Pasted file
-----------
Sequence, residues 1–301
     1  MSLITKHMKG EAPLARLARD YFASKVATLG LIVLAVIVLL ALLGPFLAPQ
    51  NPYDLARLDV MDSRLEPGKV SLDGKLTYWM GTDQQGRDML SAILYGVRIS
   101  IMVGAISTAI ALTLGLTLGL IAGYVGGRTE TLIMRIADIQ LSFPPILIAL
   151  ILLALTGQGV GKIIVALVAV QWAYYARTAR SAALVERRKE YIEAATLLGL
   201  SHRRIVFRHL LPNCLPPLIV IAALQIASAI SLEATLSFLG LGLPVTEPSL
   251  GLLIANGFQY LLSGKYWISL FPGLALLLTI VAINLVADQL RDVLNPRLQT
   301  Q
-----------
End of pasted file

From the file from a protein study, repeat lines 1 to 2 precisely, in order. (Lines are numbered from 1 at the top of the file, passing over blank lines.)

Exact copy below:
Sequence, residues 1–301
     1  MSLITKHMKG EAPLARLARD YFASKVATLG LIVLAVIVLL ALLGPFLAPQ